This clichéd and very dated jibe about artistic pretense is hardly the substantial indictment of social mores that Feng once thrived on. Instead, it's an embittered director venting his anger against anyone (and everyone) who couldn't understand him. This is where Personal Tailor, written by Feng's long-time screenwriting partner Wang Shuo, loses its charm: whereas Feng used to laugh with the common people, this time around he's laughing at them in rowdy rancor.

While The Dream Factory sides with the masses by having four working-class heroes trying their silly best to make everybody happy, Personal Tailor lacks any sense of empathy for the disfranchised. Here, the four largely sneering fantasy-facilitators (with Dream Factory lead Ge You joined by young comediennes du jour Bai Baihe, Li Xiaolu and Zheng Kai) mostly serve as judge and jury for their clueless and unreasonably demanding clients.

This exact situation ends the film's final segment, as the quartet groans and growls as their customer, a government-employed chauffeur (Fan Wei) paying for an experience of becoming a ranked official, sits in front of them and concedes of his misguided notion of wanting to be tested for his moral integrity (which takes the shape of the team playing help-seeking relatives, bribe-brandishing entrepreneurs and seductive underlings). People will do anything to crack cadres, says Ge's character, the company leader Yang; just go back to the comfort of driving other people around, chimes in Zheng's even more cynical upstart Ma Qing. Such is this story's moral – that the masses could and do everything to corrupt the elite; and that the public needs to be enlightened – as the driver was – about the complex dilemmas faced by those in the upper echelons of power.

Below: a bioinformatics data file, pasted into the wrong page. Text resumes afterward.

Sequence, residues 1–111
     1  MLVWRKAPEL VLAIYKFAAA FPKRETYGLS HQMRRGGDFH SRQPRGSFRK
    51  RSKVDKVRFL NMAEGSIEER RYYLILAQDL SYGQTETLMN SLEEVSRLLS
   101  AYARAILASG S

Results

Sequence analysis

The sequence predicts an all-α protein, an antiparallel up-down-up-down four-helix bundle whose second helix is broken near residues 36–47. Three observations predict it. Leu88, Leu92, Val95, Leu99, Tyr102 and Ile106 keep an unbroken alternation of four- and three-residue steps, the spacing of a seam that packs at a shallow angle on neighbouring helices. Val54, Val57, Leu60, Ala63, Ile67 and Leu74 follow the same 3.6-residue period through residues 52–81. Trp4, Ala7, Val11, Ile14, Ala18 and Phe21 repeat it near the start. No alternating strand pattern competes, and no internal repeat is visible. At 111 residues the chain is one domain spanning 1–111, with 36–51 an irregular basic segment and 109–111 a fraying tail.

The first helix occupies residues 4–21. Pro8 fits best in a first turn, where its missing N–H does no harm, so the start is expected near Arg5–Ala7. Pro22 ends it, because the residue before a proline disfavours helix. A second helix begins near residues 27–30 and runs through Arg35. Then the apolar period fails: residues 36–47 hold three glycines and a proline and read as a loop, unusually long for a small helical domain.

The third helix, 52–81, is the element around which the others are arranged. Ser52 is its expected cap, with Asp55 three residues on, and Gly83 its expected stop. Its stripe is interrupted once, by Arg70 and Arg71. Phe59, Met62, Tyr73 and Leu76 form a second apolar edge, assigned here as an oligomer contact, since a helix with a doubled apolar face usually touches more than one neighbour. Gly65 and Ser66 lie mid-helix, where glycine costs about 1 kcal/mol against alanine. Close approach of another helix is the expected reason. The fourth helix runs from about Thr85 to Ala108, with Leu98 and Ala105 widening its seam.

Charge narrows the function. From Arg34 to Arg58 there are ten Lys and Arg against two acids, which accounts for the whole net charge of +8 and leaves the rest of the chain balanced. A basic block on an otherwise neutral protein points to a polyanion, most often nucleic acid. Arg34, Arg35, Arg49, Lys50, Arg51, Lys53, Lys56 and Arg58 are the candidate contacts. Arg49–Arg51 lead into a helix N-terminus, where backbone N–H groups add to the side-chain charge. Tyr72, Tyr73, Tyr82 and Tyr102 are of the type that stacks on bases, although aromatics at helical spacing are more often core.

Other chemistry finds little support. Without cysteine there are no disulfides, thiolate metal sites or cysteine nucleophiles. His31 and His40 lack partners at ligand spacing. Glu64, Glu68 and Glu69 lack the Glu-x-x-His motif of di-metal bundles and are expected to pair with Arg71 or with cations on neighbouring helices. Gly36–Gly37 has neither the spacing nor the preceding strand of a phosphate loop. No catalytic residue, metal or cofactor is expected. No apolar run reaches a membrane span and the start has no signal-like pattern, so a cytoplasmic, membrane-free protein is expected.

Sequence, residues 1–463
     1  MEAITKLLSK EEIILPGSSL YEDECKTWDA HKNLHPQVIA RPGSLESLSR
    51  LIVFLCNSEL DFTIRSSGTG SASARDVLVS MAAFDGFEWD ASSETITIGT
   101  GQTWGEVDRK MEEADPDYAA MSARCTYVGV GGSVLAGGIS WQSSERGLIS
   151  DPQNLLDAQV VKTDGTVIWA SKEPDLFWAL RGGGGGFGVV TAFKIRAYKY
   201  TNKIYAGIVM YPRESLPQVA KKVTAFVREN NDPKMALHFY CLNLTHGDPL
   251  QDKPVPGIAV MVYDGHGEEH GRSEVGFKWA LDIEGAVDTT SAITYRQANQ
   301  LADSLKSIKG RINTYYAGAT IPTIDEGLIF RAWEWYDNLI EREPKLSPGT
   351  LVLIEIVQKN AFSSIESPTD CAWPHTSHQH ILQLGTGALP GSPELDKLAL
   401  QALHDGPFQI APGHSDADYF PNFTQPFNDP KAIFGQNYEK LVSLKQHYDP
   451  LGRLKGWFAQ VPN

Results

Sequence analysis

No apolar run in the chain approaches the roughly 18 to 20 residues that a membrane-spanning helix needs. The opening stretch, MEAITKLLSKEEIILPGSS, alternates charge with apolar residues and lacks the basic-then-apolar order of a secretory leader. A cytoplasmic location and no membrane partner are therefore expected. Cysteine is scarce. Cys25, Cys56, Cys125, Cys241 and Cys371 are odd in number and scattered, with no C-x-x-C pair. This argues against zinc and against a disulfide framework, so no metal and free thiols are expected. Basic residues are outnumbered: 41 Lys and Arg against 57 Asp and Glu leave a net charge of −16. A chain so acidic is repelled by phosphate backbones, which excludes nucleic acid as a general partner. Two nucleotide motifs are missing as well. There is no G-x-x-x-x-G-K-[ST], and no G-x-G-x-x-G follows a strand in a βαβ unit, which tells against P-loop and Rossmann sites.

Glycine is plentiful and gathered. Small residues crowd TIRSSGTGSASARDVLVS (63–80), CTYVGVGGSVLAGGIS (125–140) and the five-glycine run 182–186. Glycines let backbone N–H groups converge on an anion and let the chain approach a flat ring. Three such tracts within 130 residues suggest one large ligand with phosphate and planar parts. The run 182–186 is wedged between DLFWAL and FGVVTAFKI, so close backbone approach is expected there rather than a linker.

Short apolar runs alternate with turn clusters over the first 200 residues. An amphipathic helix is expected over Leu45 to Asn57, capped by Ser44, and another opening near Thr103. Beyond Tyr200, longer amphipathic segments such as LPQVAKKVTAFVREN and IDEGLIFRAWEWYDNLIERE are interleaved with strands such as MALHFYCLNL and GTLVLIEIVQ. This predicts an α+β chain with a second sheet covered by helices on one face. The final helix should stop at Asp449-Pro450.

The strangely simplistic nature of this message is followed up by the second story about the deluded director -- a somewhat pale take on a similar thread in The Dream Factory, in which a film star pays to become an ordinary person and then backtracks because of her inability to ditch the glitz and glamor of celebrity life. Following up on this mockery of the delusions of poverty-stricken grandeur, the third and final story is seemingly designed to bring some cheer to the have-nots; public park cleaner Dan (Song Dandan), who once saved Ma's life, is gifted a birthday present by being able to play a multi-billionaire for a day – a game that involves her revealing her country-bumpkin traits (when she bumps into an unopened door she is told rich people should never lift a finger to do anything) and suppressed, ugly nouveau riche personality traits (when she really casts her gentle, modest self aside and becomes an all-demanding monster).

After all this charade – which also includes the team going into restaurants and shops after Dan's visits and apologizing profusely for their "loony aunt" and her proclamations of treating everyone to free meals and buying up all the goods – the decision to end Dan's day by having her remove her make-up and then slowly amble towards her home down a dark back alley can't really inject pathos into the bathos.